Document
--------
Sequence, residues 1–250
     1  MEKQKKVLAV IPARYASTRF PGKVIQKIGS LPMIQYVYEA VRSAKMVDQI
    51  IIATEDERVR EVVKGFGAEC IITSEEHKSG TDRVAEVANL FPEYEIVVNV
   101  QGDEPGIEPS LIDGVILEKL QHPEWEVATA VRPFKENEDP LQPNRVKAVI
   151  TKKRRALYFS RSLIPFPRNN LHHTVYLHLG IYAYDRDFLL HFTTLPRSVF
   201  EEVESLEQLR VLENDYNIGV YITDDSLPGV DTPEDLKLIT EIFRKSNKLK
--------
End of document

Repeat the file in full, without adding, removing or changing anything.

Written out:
Sequence, residues 1–250
     1  MEKQKKVLAV IPARYASTRF PGKVIQKIGS LPMIQYVYEA VRSAKMVDQI
    51  IIATEDERVR EVVKGFGAEC IITSEEHKSG TDRVAEVANL FPEYEIVVNV
   101  QGDEPGIEPS LIDGVILEKL QHPEWEVATA VRPFKENEDP LQPNRVKAVI
   151  TKKRRALYFS RSLIPFPRNN LHHTVYLHLG IYAYDRDFLL HFTTLPRSVF
   201  EEVESLEQLR VLENDYNIGV YITDDSLPGV DTPEDLKLIT EIFRKSNKLK